From Charles Willing Byrd
N.W. Territory. May the 27th 1802
As I have to discharge the united and important duties both of Governor and Secretary of the North Western Territory, I think on the fairest principles of equity that I should enjoy the honors and emoluments of the most considerable Appointment of the two. I am conscious that I stand upon delicate ground, and that a solicitation of this nature in my behalf from a third person, would be deemed more consistent with propriety. But in truth you cannot view me in the light of a common Candidate, my application being for an Office the labours and duties of which have already devolved on me. It will not be an extravagant assertion to say, that with the smallest exertions I could have procured a Petition in my favor for the Appointment of Governor with several thousand Subscribers to it; but having heard, tho’ it has since been contradicted, that a Successor to Governor St. Clair in the event of his removal was already designated, I discouraged the importunities of my friends on that subject. It will readily occur to you, Sir, that when performing the duties which are attached to the Office of Governor, a considerable encrease of trouble as well as expence must unavoidably accrue, and that the pitiful salary of seven hundred and fifty dollars per annum with the title of Secretary, is not an adequate compensation.
In making this appeal to your justice I fear I have committed an intrusion upon your time and occupations, but I confide in your indulgence and flatter myself that you will pardon the trespass.
Accept Sir the assurances of consideration with which I have the honor to be respectfully yr—mo—ob—servt—
Charles Willing Byrd
RC (DNA: RG 59, LAR); at foot of text: “The honble, The President of the United States”; endorsed by TJ as received 15 June and “to be govr. of N.W. territory” and so recorded in SJL.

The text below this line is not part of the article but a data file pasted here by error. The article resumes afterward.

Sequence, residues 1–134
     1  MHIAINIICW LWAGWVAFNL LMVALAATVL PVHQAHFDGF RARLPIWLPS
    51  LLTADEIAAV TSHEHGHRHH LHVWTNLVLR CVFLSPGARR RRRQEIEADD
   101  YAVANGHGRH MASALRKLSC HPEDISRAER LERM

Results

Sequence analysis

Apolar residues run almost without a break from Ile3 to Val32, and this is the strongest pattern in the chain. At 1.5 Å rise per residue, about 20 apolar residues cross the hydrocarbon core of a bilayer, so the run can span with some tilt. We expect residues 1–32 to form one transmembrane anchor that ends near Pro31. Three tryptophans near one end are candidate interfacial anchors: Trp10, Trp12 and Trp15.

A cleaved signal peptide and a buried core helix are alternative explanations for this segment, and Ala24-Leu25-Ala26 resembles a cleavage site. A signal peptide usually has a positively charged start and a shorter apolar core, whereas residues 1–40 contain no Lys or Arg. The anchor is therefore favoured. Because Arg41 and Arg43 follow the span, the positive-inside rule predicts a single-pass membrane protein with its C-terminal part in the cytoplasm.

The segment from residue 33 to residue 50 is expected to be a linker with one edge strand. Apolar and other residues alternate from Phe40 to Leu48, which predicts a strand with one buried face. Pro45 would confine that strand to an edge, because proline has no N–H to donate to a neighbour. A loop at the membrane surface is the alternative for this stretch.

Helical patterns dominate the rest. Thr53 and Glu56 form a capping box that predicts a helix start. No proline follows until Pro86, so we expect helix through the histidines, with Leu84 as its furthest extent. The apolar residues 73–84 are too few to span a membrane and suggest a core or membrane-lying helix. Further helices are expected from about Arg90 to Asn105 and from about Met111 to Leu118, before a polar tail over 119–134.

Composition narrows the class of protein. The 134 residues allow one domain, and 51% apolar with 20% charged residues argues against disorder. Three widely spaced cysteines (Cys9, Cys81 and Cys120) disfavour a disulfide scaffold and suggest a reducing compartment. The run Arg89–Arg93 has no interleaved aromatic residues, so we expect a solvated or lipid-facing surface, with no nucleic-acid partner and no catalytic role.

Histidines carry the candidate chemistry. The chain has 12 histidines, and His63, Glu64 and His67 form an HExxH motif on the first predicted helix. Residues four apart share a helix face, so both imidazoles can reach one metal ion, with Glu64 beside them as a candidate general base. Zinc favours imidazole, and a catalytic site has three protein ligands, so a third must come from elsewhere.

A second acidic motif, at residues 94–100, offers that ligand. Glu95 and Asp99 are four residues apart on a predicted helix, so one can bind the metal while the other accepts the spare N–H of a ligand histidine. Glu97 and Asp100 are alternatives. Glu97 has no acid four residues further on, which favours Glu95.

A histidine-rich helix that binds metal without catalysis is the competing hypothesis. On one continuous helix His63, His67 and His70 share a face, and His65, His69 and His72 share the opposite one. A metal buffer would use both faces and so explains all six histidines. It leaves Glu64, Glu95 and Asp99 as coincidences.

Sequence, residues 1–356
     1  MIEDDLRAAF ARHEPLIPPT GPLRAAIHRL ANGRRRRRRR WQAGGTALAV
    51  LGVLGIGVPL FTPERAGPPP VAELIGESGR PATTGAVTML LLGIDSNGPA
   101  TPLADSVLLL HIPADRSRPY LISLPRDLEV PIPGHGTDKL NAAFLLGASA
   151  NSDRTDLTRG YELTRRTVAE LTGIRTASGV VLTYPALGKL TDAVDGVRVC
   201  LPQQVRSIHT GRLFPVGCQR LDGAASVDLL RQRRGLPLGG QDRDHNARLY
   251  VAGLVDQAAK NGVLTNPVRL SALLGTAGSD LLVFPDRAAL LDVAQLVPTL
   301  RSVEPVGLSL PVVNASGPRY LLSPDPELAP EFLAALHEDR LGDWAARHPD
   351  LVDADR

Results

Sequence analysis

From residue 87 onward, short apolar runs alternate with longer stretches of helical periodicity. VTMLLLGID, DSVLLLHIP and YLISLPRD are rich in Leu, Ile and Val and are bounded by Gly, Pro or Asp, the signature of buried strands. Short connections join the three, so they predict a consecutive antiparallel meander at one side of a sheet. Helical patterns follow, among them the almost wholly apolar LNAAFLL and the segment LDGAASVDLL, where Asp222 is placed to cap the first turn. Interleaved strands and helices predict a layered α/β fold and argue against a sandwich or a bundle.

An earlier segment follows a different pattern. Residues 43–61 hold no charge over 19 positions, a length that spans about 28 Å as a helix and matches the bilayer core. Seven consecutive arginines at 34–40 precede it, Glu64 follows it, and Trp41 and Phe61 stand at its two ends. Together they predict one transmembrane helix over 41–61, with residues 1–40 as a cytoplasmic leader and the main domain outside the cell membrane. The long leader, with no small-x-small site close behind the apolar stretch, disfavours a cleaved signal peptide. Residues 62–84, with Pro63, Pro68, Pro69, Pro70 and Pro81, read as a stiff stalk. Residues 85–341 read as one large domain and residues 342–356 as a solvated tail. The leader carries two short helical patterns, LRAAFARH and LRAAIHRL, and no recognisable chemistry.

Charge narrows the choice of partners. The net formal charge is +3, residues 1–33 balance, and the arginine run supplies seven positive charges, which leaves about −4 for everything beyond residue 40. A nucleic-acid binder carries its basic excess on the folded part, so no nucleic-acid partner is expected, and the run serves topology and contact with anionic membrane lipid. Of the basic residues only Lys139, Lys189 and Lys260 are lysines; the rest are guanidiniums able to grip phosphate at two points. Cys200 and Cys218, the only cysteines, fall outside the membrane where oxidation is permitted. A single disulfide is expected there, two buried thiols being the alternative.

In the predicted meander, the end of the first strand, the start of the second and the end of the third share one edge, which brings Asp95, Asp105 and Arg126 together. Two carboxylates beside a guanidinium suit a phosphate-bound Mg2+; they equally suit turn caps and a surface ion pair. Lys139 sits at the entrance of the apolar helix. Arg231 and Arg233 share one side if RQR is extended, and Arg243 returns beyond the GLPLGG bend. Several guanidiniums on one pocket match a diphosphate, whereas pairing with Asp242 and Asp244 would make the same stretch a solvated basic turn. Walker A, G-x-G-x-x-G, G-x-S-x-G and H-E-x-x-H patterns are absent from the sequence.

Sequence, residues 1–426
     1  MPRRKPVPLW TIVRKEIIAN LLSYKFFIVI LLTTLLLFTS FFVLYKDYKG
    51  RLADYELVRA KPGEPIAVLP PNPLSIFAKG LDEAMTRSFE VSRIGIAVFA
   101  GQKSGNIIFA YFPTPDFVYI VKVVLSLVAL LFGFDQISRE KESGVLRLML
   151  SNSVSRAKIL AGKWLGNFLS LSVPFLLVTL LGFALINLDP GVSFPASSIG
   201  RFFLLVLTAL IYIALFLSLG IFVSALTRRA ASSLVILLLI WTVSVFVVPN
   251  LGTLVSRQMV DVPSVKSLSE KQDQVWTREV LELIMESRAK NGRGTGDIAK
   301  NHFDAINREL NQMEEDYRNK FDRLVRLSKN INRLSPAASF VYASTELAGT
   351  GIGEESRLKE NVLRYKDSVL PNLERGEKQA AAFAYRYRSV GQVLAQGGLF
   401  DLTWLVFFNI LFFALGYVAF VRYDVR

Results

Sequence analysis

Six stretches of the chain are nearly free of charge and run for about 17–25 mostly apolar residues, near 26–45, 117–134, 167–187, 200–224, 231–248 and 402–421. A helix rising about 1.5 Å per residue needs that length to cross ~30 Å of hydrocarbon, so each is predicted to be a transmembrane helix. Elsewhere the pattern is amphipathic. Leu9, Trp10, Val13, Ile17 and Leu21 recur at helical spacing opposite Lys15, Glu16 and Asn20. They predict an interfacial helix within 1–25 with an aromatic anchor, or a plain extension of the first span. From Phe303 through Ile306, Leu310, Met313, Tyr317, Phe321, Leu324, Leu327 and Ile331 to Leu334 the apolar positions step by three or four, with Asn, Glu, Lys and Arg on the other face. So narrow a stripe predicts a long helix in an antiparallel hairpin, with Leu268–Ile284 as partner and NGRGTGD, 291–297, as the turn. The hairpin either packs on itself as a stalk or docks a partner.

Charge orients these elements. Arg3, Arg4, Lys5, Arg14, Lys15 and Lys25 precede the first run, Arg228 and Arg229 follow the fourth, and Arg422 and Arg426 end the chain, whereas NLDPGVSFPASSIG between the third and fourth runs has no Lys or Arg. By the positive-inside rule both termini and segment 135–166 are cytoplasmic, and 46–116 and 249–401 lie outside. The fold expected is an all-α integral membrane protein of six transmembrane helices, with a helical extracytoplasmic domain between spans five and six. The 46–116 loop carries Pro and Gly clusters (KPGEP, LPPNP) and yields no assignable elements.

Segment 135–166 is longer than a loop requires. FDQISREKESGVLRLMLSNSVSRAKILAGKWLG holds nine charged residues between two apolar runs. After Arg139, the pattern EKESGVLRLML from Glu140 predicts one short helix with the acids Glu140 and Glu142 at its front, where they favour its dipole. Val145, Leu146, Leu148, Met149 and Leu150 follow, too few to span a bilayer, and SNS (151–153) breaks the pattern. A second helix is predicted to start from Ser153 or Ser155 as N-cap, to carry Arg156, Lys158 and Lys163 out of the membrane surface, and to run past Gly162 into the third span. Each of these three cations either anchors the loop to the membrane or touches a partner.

A native of Virginia, Charles Willing Byrd (1770–1828) was appointed secretary of the Northwest Territory at the end of 1799. During his tenure, he frequently clashed with Governor Arthur St. Clair and aligned himself with the Republican leadership of the territory. During St. Clair’s absence from the territory from March to July 1802, Byrd served as acting governor, making numerous appointments that aroused the governor’s ire and thwarting Federalist efforts to delay implementation of the Enabling Act. Following St. Clair’s removal from office in November 1802, Byrd served as interim governor until the territory became the state of Ohio in March 1803. That same month, TJ nominated Byrd to be the U.S. district judge for the new state, a position he held until his death (JEP description begins Journal of the Executive Proceedings of the Senate of the United States … to the Termination of the Nineteenth Congress, Washington, D.C., 1828, 3 vols. description ends , 1:330–1, 447; Randolph Chandler Downes, Frontier Ohio, 1788–1803 [Columbus, 1935], 222–5, 236–7; Alfred Byron Sears, Thomas Worthington, Father of Ohio Statehood [Columbus, 1998], 58–9, 89, 97; Biographical Directory of the Federal Judiciary, 1789–2000 [Lanham, Md., 2001], 412).